In 2018, we have access to an incredible amount of information. Why do preventable, chronic diseases (Cardiovascular Disease, Diabetes, and Obesity) still plague our country and world?

These questions are complex and open-ended. There is so much research to be done here. These are the questions that I lose sleep over, and I think it is incredibly valuable to have students contemplating these issues as well.

Again, all of this goes back to meeting these students where they are. School must be engaging now more than ever. Students have 100 other things to spend their attention on every day. It is my goal to make my Physical Education class one of the things that they spend their attention on.

Beighle: Wow “Students have 100 other things to spend their attention on every day. It is my goal to make my Physical Education class one of the things that they spend their attention on.” What a mission statement for physical education.

Intertwining PE and STEAM

Beighle: How do you mesh PE and STEAM?

Manley: I mesh PE with the STEAM concept by integrating Project Based Learning and inquiry learning strategies into my classes. Students explore deep questions and create products that will eventually be a showcase of their learning in my class. Through the student-led development of open-ended questions, students take ownership of their learning and their products which are a showcase of their learning. Authenticity and student ownership of learning are two major components of a PE program that is going to help students live healthy and active lifestyles after their high school career.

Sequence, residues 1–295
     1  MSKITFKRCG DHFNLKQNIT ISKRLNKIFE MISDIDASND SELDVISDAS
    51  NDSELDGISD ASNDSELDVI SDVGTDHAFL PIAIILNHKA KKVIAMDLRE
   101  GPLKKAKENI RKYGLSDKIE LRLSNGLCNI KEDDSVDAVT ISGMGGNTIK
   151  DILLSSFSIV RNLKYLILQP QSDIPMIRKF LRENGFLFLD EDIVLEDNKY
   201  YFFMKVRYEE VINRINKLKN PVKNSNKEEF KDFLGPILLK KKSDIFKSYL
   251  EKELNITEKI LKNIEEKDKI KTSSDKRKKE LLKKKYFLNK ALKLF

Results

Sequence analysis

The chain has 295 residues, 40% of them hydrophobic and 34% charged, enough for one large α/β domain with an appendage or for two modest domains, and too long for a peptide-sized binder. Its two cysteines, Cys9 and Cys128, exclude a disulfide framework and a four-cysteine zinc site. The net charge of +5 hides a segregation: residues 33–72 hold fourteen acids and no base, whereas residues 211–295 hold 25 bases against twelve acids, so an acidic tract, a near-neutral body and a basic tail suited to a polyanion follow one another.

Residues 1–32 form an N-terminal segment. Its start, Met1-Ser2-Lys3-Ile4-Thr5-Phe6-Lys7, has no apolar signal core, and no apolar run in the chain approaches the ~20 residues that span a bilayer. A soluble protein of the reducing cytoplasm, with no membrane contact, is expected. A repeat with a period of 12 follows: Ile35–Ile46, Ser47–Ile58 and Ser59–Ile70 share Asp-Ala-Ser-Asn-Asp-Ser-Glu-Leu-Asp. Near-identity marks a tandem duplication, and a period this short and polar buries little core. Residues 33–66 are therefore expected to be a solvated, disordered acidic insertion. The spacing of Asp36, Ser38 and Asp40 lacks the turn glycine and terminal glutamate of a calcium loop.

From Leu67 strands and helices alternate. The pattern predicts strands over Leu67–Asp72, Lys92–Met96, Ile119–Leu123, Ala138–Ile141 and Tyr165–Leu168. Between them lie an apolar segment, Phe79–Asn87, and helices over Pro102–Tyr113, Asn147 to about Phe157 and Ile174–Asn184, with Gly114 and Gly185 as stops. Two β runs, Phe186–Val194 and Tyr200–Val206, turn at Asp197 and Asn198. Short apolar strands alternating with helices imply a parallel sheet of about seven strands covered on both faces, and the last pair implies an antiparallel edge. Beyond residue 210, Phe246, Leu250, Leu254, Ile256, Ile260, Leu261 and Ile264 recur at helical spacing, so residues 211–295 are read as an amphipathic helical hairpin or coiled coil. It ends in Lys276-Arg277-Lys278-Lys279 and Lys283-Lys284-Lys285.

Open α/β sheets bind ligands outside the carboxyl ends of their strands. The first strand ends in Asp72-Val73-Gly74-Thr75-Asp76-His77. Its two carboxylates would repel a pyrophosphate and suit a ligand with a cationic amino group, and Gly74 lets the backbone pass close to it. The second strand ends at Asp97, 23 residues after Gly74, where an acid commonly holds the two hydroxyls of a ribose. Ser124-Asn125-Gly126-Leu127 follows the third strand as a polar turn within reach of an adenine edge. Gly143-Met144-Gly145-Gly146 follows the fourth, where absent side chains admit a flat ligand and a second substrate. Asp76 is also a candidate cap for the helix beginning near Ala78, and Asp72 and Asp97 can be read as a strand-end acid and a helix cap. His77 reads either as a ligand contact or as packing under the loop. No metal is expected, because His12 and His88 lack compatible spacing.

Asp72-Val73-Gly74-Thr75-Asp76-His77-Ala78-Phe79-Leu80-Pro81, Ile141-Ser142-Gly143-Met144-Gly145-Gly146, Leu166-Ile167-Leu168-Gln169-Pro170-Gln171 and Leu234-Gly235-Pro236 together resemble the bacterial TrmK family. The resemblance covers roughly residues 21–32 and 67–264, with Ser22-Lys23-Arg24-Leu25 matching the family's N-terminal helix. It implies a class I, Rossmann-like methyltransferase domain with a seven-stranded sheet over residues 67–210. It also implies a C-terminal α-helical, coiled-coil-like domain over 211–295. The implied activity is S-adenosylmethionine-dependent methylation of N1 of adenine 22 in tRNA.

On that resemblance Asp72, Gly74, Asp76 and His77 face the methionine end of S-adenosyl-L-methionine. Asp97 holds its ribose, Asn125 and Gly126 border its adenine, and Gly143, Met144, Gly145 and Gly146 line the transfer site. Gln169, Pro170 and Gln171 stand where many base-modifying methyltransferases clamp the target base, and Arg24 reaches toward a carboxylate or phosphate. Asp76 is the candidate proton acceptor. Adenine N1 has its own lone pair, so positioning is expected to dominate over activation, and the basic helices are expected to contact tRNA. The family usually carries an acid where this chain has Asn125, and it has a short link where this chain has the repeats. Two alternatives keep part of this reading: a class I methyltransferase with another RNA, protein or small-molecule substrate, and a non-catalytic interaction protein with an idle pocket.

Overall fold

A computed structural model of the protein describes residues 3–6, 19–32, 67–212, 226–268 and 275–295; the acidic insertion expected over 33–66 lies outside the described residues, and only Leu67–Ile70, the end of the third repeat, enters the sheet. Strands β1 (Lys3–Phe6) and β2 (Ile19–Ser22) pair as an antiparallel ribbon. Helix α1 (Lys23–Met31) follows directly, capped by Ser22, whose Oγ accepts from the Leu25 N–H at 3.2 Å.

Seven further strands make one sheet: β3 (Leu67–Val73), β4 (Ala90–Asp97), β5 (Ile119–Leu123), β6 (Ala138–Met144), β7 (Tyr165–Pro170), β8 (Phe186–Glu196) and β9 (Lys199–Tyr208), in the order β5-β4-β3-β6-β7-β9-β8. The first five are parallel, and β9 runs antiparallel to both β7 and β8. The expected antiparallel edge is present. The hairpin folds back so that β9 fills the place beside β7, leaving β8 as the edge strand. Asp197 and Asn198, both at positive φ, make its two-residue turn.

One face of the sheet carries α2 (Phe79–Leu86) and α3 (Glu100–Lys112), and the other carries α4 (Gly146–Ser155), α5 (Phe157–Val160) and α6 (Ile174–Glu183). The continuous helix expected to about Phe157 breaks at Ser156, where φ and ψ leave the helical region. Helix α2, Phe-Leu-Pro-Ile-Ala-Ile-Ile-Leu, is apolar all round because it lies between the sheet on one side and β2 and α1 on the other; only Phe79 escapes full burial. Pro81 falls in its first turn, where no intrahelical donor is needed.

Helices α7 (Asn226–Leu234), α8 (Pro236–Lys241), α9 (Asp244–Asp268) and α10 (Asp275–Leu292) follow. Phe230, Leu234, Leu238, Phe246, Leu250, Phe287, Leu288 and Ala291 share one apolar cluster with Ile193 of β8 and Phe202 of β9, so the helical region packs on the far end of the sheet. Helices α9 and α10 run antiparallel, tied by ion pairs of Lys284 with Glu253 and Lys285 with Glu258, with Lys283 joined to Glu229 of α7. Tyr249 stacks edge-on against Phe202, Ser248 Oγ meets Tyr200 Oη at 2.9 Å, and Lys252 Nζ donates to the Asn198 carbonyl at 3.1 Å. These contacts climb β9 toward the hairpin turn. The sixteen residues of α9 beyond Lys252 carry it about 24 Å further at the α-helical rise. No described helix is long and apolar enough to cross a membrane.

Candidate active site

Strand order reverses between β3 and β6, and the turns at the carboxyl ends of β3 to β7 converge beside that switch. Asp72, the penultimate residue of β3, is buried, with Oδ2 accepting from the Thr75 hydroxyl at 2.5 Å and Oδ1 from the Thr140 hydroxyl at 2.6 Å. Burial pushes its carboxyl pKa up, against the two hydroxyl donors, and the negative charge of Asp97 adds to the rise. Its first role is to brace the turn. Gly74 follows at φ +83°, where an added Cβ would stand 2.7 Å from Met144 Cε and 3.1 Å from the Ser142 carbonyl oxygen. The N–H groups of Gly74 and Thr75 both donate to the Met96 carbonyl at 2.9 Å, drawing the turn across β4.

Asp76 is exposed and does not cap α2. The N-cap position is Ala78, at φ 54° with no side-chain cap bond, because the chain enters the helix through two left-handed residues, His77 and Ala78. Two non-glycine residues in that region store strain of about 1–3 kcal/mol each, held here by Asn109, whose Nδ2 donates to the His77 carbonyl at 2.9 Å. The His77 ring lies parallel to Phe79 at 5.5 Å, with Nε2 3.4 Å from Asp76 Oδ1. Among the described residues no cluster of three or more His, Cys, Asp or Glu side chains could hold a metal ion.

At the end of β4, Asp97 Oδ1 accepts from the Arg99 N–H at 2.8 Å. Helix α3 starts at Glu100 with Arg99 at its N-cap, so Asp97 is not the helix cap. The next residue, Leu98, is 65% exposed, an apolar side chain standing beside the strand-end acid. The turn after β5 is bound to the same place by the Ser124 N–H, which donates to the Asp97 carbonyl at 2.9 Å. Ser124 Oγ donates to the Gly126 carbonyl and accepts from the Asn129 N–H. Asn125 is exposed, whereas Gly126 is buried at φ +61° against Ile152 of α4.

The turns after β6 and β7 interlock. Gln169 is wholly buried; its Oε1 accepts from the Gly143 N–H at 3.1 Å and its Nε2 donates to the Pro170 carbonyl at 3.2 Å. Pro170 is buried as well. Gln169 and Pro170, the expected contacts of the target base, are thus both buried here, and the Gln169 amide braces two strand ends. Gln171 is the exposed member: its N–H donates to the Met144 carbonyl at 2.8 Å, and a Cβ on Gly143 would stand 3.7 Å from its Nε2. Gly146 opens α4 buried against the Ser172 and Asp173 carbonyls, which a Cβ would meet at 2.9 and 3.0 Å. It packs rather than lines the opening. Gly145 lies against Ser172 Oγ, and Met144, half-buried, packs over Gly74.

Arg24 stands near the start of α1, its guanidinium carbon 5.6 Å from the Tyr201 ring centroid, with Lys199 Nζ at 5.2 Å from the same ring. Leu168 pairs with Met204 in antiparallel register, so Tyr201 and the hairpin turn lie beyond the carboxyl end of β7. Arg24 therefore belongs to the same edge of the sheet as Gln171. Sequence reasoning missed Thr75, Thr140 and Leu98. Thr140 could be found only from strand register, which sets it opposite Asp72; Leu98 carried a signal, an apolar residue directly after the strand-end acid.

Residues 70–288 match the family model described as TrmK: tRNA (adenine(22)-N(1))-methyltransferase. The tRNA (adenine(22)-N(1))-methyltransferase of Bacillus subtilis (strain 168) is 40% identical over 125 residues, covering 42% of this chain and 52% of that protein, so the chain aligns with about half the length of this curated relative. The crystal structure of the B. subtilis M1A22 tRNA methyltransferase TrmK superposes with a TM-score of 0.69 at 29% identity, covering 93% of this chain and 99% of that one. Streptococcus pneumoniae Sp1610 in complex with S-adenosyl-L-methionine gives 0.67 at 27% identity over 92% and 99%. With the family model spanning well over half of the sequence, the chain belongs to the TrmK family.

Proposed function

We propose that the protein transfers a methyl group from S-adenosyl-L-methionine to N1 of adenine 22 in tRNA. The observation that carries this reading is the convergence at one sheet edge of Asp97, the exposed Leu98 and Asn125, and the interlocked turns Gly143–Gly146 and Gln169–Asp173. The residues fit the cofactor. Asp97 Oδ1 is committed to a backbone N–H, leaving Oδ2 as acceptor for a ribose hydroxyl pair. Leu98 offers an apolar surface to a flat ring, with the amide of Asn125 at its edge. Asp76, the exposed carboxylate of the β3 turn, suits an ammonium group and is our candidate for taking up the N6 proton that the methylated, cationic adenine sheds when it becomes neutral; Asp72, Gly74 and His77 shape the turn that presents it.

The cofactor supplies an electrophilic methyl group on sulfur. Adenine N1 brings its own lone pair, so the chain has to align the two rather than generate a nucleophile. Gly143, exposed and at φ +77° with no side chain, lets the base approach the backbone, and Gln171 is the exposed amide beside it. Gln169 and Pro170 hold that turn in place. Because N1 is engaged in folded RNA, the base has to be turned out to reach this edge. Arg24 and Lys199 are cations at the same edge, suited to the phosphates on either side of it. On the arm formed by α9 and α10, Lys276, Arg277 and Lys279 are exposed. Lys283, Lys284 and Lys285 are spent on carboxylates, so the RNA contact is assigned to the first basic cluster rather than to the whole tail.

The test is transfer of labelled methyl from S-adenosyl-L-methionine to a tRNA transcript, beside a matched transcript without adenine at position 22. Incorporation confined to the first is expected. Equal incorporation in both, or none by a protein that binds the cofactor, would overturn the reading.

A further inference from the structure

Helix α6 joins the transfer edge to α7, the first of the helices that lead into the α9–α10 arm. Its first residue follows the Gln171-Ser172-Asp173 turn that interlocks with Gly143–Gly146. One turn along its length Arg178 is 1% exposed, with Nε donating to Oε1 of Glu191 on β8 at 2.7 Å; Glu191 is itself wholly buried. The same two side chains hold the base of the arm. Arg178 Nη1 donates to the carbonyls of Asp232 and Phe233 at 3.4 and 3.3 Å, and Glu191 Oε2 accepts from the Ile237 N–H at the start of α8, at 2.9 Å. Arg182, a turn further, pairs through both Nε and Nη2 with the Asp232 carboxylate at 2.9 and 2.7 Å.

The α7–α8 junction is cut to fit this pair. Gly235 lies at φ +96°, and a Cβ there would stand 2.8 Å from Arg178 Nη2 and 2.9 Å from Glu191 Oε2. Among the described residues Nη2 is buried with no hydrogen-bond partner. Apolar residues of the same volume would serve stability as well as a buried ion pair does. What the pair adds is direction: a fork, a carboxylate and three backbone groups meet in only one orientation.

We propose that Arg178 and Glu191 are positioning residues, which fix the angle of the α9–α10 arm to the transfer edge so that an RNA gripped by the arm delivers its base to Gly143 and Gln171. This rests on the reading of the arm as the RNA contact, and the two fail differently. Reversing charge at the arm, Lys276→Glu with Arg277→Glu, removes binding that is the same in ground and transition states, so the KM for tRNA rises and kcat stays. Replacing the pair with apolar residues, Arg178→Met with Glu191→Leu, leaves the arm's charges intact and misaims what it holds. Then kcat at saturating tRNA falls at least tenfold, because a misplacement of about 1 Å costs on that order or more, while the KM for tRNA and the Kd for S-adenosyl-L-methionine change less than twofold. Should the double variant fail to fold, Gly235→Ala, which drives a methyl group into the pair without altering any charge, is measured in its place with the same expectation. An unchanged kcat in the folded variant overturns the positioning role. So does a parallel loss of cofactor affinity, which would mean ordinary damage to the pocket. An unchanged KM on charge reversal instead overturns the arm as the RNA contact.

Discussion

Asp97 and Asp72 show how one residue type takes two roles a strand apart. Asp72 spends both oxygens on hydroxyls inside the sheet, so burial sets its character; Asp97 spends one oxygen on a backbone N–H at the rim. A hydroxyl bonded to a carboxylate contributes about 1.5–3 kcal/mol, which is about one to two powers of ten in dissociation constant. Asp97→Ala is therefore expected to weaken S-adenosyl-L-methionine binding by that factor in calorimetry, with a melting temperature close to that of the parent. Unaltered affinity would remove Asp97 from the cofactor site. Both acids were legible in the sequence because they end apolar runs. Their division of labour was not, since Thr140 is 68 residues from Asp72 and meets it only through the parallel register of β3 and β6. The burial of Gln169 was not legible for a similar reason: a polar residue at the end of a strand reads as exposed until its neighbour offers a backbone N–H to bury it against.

Beighle: Can you provide some examples of how this meshing takes place in your classes?

Manley: This meshing plays out in a few different ways. Some days classes are dedicated to exploring the science behind exercise. These lessons include topics from biomechanics, exercise physiology, sports nutrition, and modern-day fitness technology. We do activities where students calculate acceleration, speed, and power. Our students create seminars about how to fuel the body for exercise. These are more standalone lessons than units for me.